All this is long gone. Today the area looks like this. Nothing is left of the location. Sorry.
I'm building on the previous answers by 'Weather Vane' and 'Some wandering yeti', with some additions.
This seems to have been filmed on a pedestrian bridge that was build for the Expo '58. The bridge can be seen on this map (Marked as "OVERPASS").
A good photo of the bridge during the Expo can be seen in this Master Thesis, page 32 of the PDF. It seems most of the buildings in the picture were already removed at the time of the filming of the clip, but the round structure at the top right (the US pavilion) is still standing to this day.
If we take a close look at the map and the photo, we can see that the 'small square' that Weather Vane mentioned is not just similar in style, but actually one of the endings of the bridge that has been preserved when the rest was torn down.
This Flemish news article confirms the above. Quoting the relevant section (original in Dutch):
Over een deel van Expo 58 liep een stevige loopbrug van 450 meter lang. Alleen het begin is bewaard. De loopbrug was in het midden open en beschreef een bocht tot aan paleis Belvédère, nu de woning van koning Albert en koningin Paola, toen het hoofdkwartier van de Wereldtentoonstelling.
Na 1968 is het grootste stuk van het traject gesloopt. Vanop de luchtbrug had de toeschouwer een fantastisch uitzicht op de enorm drukbezochte paviljoenen van de Verenigde Staten, de Sovjet-Unie, het Vaticaan, Frankrijk en Parijs. Op de loopbrug stonden lichtgevende Expo-sterren, een ontwerp van Lucien De Roeck. In 1968 speelde Pink Floyd voor Tienerklanken een paar nummers op dit viaduct, net voor de afbraak.
The air bridge
Over a part of the Expo 58 ran a sturdy walking bridge of 450 meters in length. Only the start has been preserved. The walking bridge was open in the middle and traced a curve towards the Belvédère palace, now the residence of king Albert and queen Paola, then the headquarters of the World Exposition.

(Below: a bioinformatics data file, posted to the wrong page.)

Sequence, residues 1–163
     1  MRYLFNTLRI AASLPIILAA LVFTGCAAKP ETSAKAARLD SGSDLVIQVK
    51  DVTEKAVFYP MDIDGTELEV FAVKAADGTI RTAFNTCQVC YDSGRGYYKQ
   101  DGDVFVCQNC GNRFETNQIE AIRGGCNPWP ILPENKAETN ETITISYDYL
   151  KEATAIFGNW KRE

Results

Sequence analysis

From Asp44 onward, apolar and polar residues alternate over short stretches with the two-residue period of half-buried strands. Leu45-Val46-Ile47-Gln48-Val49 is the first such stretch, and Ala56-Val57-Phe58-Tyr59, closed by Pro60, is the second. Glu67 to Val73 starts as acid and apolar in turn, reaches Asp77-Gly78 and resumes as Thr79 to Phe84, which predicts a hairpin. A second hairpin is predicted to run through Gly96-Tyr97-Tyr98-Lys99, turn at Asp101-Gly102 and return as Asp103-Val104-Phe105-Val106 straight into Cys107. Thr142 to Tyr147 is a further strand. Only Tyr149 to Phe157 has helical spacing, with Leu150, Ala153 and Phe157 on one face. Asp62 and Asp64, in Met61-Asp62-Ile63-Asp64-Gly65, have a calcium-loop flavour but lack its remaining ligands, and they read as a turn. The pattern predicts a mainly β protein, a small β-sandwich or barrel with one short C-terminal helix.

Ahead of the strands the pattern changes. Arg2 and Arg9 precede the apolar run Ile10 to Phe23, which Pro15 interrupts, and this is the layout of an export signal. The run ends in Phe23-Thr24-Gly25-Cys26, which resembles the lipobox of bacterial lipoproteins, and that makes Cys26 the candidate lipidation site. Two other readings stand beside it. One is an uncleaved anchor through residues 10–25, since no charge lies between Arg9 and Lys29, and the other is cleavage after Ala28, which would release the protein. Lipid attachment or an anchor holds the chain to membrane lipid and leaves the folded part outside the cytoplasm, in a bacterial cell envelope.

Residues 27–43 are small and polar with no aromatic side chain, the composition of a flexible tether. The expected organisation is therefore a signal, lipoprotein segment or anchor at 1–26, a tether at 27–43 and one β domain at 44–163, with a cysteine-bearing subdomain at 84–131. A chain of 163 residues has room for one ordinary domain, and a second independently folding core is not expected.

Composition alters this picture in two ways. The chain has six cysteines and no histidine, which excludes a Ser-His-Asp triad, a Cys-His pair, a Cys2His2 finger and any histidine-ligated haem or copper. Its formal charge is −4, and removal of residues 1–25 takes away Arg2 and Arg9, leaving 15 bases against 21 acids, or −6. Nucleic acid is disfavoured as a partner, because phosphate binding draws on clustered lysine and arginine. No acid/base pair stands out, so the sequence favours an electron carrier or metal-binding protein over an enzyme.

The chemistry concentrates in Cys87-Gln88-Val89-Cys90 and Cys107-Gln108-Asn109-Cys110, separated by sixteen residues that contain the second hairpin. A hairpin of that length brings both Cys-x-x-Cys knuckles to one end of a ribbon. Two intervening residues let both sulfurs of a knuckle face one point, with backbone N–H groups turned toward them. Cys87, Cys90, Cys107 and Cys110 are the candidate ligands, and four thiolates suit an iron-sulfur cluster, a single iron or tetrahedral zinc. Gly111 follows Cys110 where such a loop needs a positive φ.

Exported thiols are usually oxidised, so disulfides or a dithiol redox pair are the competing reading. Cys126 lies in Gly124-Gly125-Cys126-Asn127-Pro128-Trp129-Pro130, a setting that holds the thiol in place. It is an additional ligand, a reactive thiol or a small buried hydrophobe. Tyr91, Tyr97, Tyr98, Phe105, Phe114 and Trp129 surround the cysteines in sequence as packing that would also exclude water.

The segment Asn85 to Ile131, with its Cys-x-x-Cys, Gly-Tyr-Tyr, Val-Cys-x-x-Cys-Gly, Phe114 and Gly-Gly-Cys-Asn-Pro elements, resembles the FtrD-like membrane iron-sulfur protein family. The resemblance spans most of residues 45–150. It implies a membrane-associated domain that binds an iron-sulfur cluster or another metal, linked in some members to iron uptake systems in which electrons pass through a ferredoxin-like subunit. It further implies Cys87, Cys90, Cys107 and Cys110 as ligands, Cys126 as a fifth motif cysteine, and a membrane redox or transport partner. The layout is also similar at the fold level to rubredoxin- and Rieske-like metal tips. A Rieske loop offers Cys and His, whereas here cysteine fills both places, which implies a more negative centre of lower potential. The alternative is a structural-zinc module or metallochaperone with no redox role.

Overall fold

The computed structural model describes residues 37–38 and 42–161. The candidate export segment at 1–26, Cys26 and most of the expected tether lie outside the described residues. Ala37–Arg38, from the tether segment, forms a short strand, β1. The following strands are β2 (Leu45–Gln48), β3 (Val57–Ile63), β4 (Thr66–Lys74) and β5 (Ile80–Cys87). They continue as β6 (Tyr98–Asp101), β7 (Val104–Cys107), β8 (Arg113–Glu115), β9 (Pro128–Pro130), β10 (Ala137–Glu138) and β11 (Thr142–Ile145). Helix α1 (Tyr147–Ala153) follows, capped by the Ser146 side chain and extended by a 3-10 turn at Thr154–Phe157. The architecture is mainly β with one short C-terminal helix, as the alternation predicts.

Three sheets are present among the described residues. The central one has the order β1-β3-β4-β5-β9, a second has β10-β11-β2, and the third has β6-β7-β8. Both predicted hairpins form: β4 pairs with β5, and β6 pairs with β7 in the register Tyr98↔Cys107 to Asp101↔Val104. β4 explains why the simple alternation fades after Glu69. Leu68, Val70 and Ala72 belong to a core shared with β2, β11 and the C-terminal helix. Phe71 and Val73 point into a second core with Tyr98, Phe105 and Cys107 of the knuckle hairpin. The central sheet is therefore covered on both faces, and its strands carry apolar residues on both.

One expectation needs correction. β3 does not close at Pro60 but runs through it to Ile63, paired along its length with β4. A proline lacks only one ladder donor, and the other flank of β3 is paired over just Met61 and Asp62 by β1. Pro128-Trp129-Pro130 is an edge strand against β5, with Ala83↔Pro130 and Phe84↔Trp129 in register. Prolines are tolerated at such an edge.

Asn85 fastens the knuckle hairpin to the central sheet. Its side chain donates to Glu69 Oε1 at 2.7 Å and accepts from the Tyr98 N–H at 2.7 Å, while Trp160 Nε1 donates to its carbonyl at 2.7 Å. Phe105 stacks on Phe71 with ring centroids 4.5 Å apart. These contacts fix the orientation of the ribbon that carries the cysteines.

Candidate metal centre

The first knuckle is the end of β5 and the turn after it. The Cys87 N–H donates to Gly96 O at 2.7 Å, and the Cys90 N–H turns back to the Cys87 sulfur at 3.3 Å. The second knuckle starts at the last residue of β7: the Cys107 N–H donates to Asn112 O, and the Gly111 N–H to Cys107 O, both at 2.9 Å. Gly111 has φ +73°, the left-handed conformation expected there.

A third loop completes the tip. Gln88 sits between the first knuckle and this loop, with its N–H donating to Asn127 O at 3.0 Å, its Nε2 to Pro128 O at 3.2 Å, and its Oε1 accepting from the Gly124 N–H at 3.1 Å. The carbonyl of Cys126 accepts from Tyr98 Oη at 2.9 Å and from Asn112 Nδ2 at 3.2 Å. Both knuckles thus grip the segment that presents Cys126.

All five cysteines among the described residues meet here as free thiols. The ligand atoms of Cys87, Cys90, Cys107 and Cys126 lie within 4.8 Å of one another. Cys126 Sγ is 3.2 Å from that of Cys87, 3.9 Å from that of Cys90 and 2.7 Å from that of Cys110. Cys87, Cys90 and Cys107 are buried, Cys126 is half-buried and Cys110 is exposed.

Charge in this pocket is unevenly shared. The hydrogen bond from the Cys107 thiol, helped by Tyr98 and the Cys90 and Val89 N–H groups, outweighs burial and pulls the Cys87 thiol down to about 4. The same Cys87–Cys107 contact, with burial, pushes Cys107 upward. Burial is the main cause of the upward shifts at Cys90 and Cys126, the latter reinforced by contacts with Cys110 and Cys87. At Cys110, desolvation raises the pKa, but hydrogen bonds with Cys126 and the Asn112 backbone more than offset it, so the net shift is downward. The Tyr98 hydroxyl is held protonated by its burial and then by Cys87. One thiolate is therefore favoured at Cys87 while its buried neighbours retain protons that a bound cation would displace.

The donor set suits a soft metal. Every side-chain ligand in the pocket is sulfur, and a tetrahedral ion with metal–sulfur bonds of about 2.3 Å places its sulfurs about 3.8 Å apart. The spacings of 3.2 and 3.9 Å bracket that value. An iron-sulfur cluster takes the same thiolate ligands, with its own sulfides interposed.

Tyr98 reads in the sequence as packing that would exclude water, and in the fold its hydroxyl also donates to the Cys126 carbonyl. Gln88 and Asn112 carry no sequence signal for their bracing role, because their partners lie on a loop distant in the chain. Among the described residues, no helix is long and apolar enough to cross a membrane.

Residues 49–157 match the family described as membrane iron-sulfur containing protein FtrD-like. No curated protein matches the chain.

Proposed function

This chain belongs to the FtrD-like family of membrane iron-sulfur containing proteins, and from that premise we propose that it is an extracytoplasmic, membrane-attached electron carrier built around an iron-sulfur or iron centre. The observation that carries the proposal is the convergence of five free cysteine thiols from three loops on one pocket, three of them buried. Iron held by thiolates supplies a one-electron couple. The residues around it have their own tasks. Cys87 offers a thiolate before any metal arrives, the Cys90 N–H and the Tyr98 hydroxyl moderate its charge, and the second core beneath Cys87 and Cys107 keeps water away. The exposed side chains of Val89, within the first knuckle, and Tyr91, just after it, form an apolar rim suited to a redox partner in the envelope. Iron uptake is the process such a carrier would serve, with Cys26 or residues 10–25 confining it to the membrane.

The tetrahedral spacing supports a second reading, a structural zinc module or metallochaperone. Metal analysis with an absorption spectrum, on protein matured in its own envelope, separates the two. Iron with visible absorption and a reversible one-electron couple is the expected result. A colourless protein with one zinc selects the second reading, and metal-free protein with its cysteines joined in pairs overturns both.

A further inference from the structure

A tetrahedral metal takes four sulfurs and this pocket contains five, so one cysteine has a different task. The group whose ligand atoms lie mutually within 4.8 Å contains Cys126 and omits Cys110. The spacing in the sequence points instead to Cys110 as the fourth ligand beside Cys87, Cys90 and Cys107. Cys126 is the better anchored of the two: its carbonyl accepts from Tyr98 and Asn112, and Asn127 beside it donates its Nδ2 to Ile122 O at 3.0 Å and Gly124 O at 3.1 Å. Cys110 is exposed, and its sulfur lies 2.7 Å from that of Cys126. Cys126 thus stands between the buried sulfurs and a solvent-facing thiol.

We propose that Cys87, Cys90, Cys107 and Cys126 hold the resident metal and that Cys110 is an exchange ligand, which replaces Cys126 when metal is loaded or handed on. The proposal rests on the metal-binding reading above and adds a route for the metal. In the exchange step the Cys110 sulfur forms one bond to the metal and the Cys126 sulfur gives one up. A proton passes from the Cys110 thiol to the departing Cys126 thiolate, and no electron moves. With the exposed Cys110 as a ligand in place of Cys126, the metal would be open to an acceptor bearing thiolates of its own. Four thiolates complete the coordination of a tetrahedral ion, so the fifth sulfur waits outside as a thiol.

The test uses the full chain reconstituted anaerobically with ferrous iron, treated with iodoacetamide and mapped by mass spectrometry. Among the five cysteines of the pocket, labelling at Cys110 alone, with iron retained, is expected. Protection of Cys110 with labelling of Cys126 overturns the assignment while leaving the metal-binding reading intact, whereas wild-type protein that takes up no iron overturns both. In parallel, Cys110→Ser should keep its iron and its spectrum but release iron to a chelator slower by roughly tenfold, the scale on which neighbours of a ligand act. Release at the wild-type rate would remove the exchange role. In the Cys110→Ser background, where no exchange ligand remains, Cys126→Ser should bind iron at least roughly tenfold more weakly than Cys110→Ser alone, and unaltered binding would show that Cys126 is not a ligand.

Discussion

After 1968 the majority of the trajectory has been torn down. From the air bridge the observer had an amazing view over the extremely well-visited pavilions of the United States, the Sovjet Union, the Vatican, France and Paris. On the walking bridge luminous Expo-stars were placed, a design from Lucien De Roeck. In 1968, Pink Floyd played a few tracks for Tienerklanken [Teenage Sounds - a Belgian television programme] on this viaduct, just before it was torn down.
This is a really fascinating thread. For anyone keen to visit the exact location of the Pink Floyd video I advise you to visit the arrow marked here in this Google Maps screenshot. The two red parallel lines show where that specatacular pedestrian bridge, giving views of the various international pavilions of Expo '58, would have stood. The vehicles we see in this video must be negotiating the roundabout half way down Avenue du Gros Tilleul. The point where I have started the two red lines at the top of the image can be visited on Google Maps now, marking where the only remaining part of the bridge - now simply reduced to an elevated terrace - can still be seen.